Data for: The energetics of rapid mechanotransduction
Grandl, Jorg (2023), Data for: The energetics of rapid mechanotransduction, Dryad, Dataset, https://doi.org/10.5061/dryad.gtht76hq5
Cells throughout the human body detect mechanical forces. While it is known that the rapid (millisecond) detection of mechanical forces is mediated by force-gated ion channels, a detailed quantitative understanding of cells as sensors of mechanical energy is still lacking. Here, we combine atomic force microscopy with patch-clamp electrophysiology to determine the physical limits of cells expressing the force-gated ion channels Piezo1, Piezo2, TREK1, and TRAAK. We find that, depending on the ion channel expressed, cells can function either as proportional or non-linear transducers of mechanical energy, detect mechanical energies as little as ~100 fJ, and with a resolution of up to ~1 fJ. These specific energetic values depend on cell size, channel density, and cytoskeletal architecture. We also make the surprising discovery that cells can transduce forces either nearly instantaneously (<1 ms), or with substantial time delay (~10 ms). Using a chimeric experimental approach and simulations we show how such delays can emerge from channel-intrinsic properties and the slow diffusion of tension in the membrane. Overall, our experiments reveal the capabilities and limits of cellular mechanosensing and provide insights into molecular mechanisms that different cell types may employ to specialize for their distinct physiological roles.
AFM data was collected on a modified Digital Instruments Bioscope and passed through a breakout box to be integrated with electrophysiology data in a HEKA EPC10 amplifier. Details regarding the collection of raw data are given below. Raw data were preprocessed in batches using the package EphysAFM using the preprocess module. The preprocessed output is saved into an Arrow file ending in the suffix "_preprocessed.arrow" This data was then further summarized for downstream analysis using the module summarize in the same package. Details for package use can be found in the repository.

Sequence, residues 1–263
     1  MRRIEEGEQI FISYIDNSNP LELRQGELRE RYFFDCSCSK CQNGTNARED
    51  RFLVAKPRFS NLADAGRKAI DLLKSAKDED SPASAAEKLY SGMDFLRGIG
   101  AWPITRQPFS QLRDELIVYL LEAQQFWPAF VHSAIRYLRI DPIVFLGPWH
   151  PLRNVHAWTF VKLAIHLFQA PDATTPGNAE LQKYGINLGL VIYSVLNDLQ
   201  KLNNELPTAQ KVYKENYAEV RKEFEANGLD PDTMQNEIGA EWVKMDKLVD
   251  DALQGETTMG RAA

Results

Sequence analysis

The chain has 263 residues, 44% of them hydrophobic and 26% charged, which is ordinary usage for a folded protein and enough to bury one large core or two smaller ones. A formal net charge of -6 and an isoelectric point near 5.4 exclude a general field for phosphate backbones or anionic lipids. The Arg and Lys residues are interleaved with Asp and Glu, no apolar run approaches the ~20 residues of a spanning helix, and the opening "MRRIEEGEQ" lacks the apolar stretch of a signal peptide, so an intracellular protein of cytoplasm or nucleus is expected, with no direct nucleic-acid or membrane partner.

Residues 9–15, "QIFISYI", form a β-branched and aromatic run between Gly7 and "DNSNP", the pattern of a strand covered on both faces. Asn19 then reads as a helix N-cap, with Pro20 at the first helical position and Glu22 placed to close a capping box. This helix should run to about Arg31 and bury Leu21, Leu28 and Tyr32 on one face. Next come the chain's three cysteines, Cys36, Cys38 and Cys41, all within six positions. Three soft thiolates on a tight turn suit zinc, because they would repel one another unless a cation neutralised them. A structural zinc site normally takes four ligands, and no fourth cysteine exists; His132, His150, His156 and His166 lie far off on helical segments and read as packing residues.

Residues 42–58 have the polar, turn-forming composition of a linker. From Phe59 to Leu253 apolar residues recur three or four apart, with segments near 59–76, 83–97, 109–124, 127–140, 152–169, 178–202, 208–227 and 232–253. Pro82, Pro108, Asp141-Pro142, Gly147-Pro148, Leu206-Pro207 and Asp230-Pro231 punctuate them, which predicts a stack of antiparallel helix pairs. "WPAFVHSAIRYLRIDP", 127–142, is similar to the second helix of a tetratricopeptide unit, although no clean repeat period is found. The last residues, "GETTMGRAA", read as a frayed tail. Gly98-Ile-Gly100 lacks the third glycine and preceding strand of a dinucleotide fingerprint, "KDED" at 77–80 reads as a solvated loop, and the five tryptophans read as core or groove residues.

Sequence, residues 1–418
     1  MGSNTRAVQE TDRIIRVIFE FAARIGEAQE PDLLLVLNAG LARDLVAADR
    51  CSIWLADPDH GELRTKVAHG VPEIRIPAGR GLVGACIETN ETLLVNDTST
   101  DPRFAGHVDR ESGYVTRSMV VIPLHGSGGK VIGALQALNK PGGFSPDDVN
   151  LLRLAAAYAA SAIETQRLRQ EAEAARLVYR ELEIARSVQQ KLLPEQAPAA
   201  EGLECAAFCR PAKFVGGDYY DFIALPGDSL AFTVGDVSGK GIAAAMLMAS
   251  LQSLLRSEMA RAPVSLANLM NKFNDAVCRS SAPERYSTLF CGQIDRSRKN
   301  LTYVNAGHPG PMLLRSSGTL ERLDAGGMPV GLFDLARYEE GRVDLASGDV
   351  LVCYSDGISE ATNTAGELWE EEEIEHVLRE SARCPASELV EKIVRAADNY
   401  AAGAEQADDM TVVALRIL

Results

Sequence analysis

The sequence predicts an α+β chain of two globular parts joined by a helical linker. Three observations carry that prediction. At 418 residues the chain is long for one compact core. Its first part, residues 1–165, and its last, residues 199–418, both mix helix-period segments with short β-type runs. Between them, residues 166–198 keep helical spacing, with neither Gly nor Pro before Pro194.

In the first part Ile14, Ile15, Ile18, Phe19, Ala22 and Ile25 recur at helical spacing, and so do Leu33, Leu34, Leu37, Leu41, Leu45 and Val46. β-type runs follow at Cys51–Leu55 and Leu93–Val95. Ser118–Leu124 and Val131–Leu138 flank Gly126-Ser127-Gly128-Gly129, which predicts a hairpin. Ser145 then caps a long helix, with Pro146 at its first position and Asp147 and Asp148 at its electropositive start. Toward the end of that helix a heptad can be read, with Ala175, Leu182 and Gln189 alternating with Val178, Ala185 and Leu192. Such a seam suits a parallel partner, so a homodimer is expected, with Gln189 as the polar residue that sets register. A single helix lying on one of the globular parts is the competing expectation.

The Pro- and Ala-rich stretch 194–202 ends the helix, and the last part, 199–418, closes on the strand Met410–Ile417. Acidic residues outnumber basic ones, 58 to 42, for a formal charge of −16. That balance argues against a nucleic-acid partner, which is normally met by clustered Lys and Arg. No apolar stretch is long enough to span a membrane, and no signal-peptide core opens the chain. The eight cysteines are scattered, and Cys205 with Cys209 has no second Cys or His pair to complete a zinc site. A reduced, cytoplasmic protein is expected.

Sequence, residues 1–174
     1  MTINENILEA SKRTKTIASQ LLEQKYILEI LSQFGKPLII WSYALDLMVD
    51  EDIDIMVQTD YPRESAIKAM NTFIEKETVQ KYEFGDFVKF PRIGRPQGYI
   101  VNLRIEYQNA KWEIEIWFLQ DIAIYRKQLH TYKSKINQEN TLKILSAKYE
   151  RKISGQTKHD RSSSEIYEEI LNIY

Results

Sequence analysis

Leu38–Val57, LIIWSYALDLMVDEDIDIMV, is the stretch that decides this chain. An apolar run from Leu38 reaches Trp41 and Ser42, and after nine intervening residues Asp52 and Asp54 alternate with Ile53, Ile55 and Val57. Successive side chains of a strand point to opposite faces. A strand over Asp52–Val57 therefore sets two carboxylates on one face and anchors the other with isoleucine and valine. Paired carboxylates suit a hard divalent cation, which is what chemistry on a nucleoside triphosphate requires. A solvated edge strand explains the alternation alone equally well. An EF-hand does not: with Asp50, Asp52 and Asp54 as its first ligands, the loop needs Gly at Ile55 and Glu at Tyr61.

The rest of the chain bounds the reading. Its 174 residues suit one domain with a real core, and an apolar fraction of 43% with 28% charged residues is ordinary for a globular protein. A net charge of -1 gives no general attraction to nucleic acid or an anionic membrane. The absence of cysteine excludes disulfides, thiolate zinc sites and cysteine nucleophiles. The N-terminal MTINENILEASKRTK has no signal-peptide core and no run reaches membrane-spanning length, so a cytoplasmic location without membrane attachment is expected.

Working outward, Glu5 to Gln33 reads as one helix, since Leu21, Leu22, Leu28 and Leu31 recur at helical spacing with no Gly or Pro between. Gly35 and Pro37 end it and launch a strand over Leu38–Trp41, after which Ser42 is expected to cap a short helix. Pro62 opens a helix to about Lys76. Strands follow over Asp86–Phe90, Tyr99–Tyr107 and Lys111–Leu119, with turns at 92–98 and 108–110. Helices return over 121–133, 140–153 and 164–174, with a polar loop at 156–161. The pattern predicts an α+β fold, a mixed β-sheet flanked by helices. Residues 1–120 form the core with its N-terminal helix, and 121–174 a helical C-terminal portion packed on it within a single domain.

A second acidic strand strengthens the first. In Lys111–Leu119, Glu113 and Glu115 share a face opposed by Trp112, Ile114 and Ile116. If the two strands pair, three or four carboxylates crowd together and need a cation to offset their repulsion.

AFM Stimulation of HEK293T Cells
All stimuli were applied at 5 s intervals. Prior to initial contact, a coarse step-motor moved the cantilever into contact with the cell in 1-5 µm steps. Contact was determined by a sudden increase in the photodetector signal. Following contact, the step-motor moved the cantilever towards the cell in 0.2-1 µm increments until mechanotransduction currents were observed. Stimuli were applied at a rate of 40 μm/s for a total distance of ~6 μm. The speed was chosen based on initial validation experiments in HEK293T cells overexpressing Piezo1 as it was the slowest speed that was able to elicit robust mechanotransduction currents of the speeds tested (10 μm/s, 20 μm/s, 40 μm/s, 80 μm/s, and 160 μm/s).
All whole-cell recordings were performed at room temperature using an EPC10 amplifier and Patchmaster software (HEKA Elektronik). Data were sampled at 25 kHz and filtered at 2.9 kHz using an 8-pole Bessel filter. Series resistance was compensated 20-65%. Thin-walled borosilicate glass pipettes (1.5 mm OD, 1.17 mm ID; Sutter Instrument Company, Novato, CA) were pulled and wrapped in parafilm to reduce pipette capacitance. The final pipette resistance was 2.0-6.0 MΩ when filled with pipette solution (in mM: 133 CsCl, 0.5 EGTA, 10 HEPES, 1 MgCl2, 4 MgATP, 0.4 Na2GTP for Piezo1, Piezo2, and YFP or 133 KCl, 0.5 EGTA, 10 HEPES, 1 MgCl2, 4 MgATP, and 0.4 Na2GTP for TRAAK and TREK1). The bath solution for experiments involving Piezo1, Piezo2, and YFP contained in mM: 150 NaCl, 1 MgCl2, 2.5 CaCl2, 10 HEPES, 10 Glucose, and 3 KCl), and the bath solution for experiments involving TRAAK or TREK1 contained in mM: 140 NaCl, 3 MgCl2, 1 CaCl2, 10 HEPES, 3 KCl, 10 Glucose, and 10 TEA-Cl.
For TREK1 experiments using RbCl-based solutions the bath solution consisted of in mM: 140 NaCl, 3 MgCl2, 1 CaCl2, 10 HEPES, 30 KCl, 10 Glucose, and 10 TEA-Cl. The pipette solution for these experiments consisted of in mM: 133 RbCl, 1 MgCl2, 10 HEPES, 0.5 EGTA, 4 MgATP, and 0.4 Na2GTP. For bath solutions pH was adjusted to 7.4 and for pipette solutions 7.2 using the hydroxide of the dominant cationic species. Osmolality was adjusted to ~310 for bath solutions and ~290 for pipette solutions with sucrose when necessary. The internal solution was allowed three minutes to dialyze prior to recording to promote GTP-mediated run-up of Piezo currents (Jia et al., 2013). Recording sessions for individual coverslips were limited to one hour.
All data was preprocessed and summarized using a package developed in Python. The full reproducible environment along with installation and usage instructions can be found at EphysAFM.
NIH, Award: 5R01NS110552